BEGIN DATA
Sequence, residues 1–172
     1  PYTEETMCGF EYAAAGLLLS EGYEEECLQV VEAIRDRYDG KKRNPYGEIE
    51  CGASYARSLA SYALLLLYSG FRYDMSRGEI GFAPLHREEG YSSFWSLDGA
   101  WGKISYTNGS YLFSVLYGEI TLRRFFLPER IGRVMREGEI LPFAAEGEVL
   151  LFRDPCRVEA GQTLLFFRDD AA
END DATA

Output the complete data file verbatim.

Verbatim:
Sequence, residues 1–172
     1  PYTEETMCGF EYAAAGLLLS EGYEEECLQV VEAIRDRYDG KKRNPYGEIE
    51  CGASYARSLA SYALLLLYSG FRYDMSRGEI GFAPLHREEG YSSFWSLDGA
   101  WGKISYTNGS YLFSVLYGEI TLRRFFLPER IGRVMREGEI LPFAAEGEVL
   151  LFRDPCRVEA GQTLLFFRDD AA